Blackhawks Talk Podcast: Nick Schmaltz isn’t the only one returning; guess who is back in the booth?!

schmaltz-pod.jpg
USA TODAY

Blackhawks Talk Podcast: Nick Schmaltz isn’t the only one returning; guess who is back in the booth?!

On the latest Hawks Talk Podcast, Tracey Myers and Pat Boyle discuss Nick Schmaltz returning to the Blackhawks line-up on Wednesday night and which player is looking forward most to his return?

They also weigh in on Corey Crawford’s incredible start to the season and why he’s the major reason why the Hawks begin the week in first place in the Central.

They also discuss who is the biggest Hawks rivalry right now, which new defenseman has impressed the most and how is Connor Murphy dealing with being a healthy scratch at times this season?

Plus, they discuss someone other than Nick Schmaltz returning to work on Wednesday night.

Listen to the full episode in the embedded player below:

Cubs need Kris Bryant and Anthony Rizzo to produce or else their reign as defending World Series champs is over

bryzzo.jpg
USA TODAY

Cubs need Kris Bryant and Anthony Rizzo to produce or else their reign as defending World Series champs is over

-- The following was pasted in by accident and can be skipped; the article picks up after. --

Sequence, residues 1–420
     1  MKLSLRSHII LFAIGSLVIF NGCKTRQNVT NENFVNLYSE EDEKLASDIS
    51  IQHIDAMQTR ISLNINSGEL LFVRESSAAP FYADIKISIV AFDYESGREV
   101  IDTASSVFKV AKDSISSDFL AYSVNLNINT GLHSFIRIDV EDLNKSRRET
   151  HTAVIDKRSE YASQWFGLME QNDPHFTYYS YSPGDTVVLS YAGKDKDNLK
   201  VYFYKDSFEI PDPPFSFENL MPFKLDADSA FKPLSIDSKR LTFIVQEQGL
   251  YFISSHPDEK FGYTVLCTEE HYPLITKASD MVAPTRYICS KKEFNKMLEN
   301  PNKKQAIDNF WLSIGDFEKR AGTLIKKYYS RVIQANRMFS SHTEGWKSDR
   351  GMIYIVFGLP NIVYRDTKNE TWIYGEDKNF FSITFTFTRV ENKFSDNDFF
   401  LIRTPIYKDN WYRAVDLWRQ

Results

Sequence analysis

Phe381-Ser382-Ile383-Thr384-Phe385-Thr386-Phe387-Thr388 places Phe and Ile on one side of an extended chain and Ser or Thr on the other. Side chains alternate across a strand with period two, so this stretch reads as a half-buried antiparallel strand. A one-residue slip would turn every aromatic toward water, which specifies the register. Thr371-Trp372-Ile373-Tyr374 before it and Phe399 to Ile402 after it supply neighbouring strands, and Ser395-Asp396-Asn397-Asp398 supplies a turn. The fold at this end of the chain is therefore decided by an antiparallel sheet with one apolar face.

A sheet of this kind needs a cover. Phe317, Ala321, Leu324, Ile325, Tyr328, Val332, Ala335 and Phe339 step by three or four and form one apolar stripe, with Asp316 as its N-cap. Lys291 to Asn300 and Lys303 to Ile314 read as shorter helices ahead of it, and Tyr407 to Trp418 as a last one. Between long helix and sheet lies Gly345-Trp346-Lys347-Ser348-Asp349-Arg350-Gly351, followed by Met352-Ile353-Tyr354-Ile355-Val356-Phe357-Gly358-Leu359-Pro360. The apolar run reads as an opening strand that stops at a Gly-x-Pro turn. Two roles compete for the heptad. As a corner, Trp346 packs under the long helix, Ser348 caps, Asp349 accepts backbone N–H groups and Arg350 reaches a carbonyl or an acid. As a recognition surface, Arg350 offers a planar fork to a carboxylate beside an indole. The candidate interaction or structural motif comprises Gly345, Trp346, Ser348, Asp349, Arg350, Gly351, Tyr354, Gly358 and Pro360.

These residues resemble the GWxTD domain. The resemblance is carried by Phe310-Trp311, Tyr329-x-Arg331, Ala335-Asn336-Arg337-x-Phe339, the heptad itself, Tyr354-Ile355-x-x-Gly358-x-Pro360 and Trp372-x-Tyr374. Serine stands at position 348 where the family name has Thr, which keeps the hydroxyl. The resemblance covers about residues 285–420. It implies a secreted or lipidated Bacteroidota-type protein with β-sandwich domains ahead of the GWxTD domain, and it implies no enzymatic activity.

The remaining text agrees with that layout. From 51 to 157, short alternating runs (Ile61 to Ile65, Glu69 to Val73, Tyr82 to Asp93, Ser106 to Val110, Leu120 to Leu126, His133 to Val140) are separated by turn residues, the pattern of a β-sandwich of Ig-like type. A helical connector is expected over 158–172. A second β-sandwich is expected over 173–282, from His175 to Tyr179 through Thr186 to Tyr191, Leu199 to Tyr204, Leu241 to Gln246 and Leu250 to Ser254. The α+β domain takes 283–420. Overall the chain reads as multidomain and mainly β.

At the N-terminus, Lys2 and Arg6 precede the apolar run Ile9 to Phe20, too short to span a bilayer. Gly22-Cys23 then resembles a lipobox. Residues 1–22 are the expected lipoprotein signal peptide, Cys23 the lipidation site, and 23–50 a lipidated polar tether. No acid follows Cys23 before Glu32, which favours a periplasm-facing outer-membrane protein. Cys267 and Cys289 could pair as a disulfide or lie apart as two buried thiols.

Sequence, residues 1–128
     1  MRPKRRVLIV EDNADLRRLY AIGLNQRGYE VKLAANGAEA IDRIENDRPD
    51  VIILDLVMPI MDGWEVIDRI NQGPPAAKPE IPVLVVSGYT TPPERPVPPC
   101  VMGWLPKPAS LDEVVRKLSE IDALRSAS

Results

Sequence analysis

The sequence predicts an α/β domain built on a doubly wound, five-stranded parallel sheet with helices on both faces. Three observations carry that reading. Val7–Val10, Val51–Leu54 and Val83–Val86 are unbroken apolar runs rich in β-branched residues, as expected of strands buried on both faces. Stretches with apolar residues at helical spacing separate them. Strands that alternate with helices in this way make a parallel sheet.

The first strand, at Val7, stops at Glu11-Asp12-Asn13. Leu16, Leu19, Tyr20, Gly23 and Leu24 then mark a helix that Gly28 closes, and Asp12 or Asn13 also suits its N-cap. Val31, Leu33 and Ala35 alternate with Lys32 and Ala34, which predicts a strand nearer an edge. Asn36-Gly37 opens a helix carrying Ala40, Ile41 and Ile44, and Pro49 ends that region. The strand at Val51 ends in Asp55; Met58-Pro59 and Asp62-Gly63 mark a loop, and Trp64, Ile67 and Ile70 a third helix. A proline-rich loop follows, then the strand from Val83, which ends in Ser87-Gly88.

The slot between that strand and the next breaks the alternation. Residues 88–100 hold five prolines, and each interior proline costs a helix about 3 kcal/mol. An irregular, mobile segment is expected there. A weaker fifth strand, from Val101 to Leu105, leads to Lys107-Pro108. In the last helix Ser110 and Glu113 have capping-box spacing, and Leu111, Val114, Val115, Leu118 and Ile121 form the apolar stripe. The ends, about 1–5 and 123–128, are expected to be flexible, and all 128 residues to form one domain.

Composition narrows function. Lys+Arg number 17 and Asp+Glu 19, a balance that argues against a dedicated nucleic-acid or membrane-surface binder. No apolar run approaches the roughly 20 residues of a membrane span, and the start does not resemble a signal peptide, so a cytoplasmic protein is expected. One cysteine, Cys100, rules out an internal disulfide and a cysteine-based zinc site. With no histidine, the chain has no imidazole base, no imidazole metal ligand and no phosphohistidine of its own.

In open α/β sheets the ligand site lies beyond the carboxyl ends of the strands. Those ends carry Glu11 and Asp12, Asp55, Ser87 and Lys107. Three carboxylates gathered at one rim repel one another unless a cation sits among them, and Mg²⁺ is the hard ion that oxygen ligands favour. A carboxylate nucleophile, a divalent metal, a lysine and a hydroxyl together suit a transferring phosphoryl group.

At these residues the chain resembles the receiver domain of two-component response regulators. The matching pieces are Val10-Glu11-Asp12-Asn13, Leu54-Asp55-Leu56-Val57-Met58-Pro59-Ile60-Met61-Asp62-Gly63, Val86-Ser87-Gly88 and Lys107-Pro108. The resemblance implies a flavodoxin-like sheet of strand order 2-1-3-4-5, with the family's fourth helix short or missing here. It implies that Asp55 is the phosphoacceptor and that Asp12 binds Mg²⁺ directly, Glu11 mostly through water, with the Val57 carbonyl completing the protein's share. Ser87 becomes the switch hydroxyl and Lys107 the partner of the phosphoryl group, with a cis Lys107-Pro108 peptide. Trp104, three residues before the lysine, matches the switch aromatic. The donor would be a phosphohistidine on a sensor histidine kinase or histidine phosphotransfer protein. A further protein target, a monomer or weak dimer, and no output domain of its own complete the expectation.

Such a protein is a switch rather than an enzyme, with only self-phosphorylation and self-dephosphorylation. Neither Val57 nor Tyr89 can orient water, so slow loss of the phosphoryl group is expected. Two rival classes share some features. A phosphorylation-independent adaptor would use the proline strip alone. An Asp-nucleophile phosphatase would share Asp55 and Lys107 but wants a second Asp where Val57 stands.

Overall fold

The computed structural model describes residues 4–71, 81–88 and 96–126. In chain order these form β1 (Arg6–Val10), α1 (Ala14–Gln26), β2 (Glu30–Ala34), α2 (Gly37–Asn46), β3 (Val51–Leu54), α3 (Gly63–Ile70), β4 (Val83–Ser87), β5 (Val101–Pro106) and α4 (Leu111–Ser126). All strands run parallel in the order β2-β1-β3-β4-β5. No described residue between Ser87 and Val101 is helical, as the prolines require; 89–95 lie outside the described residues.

Kris Bryant and Anthony Rizzo are the yin and yang of the Cubs lineup, the right- and left-handed forces that feed off each other, two huge building blocks for a World Series team, the smiling faces of the franchise, an ideal brand for social media and two friends close enough that Rizzo became a groomsman at Bryant’s Las Vegas wedding in January.

With the defending champs now down 0-2 in a best-of-seven National League Championship Series – and the Los Angeles Dodgers looking like an updated version of the 2016 Cubs – winter is coming if Bryzzo Souvenir Co. doesn’t start producing soon.

Like Tuesday night in Game 3 at Wrigley Field. Take away the 9-8 outlier against the Washington Nationals – where an intentional walk, a passed ball on a swinging strike three, a catcher interference and a hit by pitch sparked a big rally – and the Cubs have scored 11 runs in six playoff games this October.

“Everybody in the lineup, they feel the same way: When you don’t produce, it’s like you let the team down,” Bryant said. “But that’s not the right way to feel, because not one person makes or breaks the team.

“I put that in perspective all the time, and realize it’s not what you do in the playoffs, it’s what the team does. And, obviously, we haven’t been getting it done so far in the series. But this is a totally unselfish team. I don’t think anybody here is pouting or down on themselves.”